I came across Alan Ehrenhalt's The Lost City: Discovering the virtues of community in the Chicago of the 1950s (New York: Basic Books, 1995) by accident. I was actually looking for books about the 1968 Democratic convention. The title and cover were intriguing, so I checked it out.
Ehrenhalt looks at two Chicago neighborhoods: St. Nicholas of Tolentine Parish on the Southwest Side and Bronzeville, the center of Chicago's black community, along with the western suburb of Elmhurst, to show us the sense of community all these neighborhoods had in the Eisenhower Decade. He takes great pains not to romanticize life in the 1950s, showing us the negative as well as the positive. But he concludes that even in the tenements of Bronzeville, there was a real community which has since vanished. (In fact, much of Bronzeville has vanished, having been torn down to make way for high-rise housing projects, which have since been demolished as well. )
Ehrenhalt's thesis is that we have lost our sense of community because we have too much choice. It sounds rather silly at first, but Ehrenhalt makes a strong case:
In the Chicago of 1957, most people believed, as most of us have ceased to believe, that there were natural limits to life. They understood, whether they lived in bungalow, tenement, or suburb, that choice and privacy were restricted commodities, and that authority existed, in large part, to manage the job of restricting them. Most people were prepared to live with this bargain most of the time. And they believed in one other important idea that has been lost in the decades since: the existence of sin. The Chicago of the 1950s was a time and place in which ordinary people lived with good and evil, right and wrong, sin and sinners, in a way that is almost incomprehensible to most of us on the other side of the 1960s moral deluge.
The book tells us of the businesses, politicians. and religious leaders who were the authority figures in the three communities. In St. Nick's Parish, we have the Tallman Federal Savings. the machine politicians, and the priests and nuns of St. Nick's. In Bronzeville, Ehrenhalt introduces us to the black-owned banks and insurance companies, the Chicago Defender, Congressman William Dawson (who ran Richard J. Daley's machine there), and the Reverend J.H. Jackson of the Olivet Baptist Church. Elmhurst is the least authoritarian of the three communities, but even there we see a a very regimented high school. Because Ehrenhalt focuses on the new developments in Elmhurst, there is more sense of choice. The newcomers establish the Elmhurst Presbyterian Church largely because the existing Yorkfield Presbyterian Church "had a fundamentlist tinge." But in all three communities, people accepted the "limited life."
At the end of the section on Bronzeville, Ehrenhalt writes:
"Could a dream," Gwendolyn Brooks had asked years before in her poem, "Kitchenette Building," "send up through onion fuemes its white and violet, fight with fried potatoes/And yesterday's garbage ripening in the hall?...We wonder." But the answer to her question, as she knew, was yes.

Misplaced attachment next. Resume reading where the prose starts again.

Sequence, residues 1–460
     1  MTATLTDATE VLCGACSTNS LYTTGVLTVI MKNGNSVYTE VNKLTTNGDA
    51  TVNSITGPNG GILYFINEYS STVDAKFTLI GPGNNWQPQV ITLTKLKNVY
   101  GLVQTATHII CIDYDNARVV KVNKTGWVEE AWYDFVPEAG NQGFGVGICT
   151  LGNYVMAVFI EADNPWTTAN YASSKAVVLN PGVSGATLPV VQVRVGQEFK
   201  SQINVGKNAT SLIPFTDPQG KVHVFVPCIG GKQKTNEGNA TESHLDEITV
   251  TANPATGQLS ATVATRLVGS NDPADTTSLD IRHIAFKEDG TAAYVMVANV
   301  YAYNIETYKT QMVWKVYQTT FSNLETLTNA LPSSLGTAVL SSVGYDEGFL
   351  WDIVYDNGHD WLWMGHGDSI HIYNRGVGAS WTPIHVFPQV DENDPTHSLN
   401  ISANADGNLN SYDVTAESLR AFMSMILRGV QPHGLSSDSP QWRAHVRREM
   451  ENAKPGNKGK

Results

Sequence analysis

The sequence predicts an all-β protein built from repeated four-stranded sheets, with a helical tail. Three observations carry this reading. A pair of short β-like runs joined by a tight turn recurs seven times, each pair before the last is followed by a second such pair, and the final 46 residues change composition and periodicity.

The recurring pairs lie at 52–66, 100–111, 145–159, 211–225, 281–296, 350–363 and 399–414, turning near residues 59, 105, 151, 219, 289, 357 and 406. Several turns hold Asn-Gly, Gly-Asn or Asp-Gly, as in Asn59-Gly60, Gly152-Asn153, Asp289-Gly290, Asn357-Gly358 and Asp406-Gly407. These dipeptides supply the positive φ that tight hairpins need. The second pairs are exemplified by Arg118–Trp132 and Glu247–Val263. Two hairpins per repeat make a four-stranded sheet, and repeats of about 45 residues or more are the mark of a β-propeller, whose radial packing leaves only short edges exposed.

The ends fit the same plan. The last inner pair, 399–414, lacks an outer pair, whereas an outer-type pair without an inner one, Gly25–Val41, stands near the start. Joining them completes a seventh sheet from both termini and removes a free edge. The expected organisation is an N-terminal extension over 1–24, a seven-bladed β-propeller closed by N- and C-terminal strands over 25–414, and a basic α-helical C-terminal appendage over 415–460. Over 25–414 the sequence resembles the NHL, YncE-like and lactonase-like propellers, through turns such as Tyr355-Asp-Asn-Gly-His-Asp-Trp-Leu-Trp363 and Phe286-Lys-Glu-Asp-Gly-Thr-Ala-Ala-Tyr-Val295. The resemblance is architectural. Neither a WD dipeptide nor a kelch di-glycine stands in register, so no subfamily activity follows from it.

Ehrenhalt's choice of the three communities strengthens his point. St. Nick's Parish did not experience the racial "blockbusting" of the late 1950s and 1960s, where the movement of a few black families into a neighborhood would cause a panic among the whites, who would then be pressured to sell their houses at a fraction of their value to unscrupulous real estate agents, who would then sell the properties to blacks at a substantial markup. And his example of Bronzeville, in spite of the dire poverty of most of its residents, was the cultural center of the city's black community.
Had Ehrenhalt studied a neighborhood such as Old Town, a haven for nonconformists, he would have, I suspect, found many of the same virtues of community that he found in St. Nick's, Bronzeville, and Elmhurst.
Yet my experience suggests he may be right, at least in part. During most of the 1980s, Kathleen and I lived in the Village of Oak Park, a suburb bordering on the West Side of Chicago. (Even though it has over 50,000 residents, it's legally a village.) During the 1960s and '70s, much of the West Side, including the Austin neigborhood abutting Oak Park, experienced the Chicago pattern of resegregation, with white businesses fleeing along with the residents. And of course there was no time or opportunity for black-owned businesses, like those of Bronzeville, to replace them. Virtually all the urban sociologists assumed that Oak Park would folow the same pattern.
But Oak Parkers refused to accept what appeared to be inevitable. They decided to welcome blacks to the community, but to impose strict rules to prevent resegregation. They banned for-sale signs, which often led to panic selling. They established the Oak Park Housing Center, which steered whites toward apartments in the eastern part of the village (closest to Austin), and blacks to the central and western areas. And it worked. Today, Oak Park is stable and integrated. And it's more of a community than most suburbs. When Chicago Tribune columnist John Kass refers to it as "the People's Republic of Oak Park" (meaning that most of its residents are liberal and Democratic), he's defining it as a community even though he doesn't like it.
The success of the Oak Park Strategy depended on people accepting limits. Real estate agents could have successfully challenged the regulations in court. They never have. Apartment building owners could have fought the Oak Park Housing Center and challenged its reverse steering. They haven't. Oak Park thrives today because people have accepted limits. But they chose to accept limits, which is different from believing in a "natural limits to life."
Rejection of what Ehrenhalt calls "the limited life" is only one factor in the decline of community in America. But it is certainly a major one.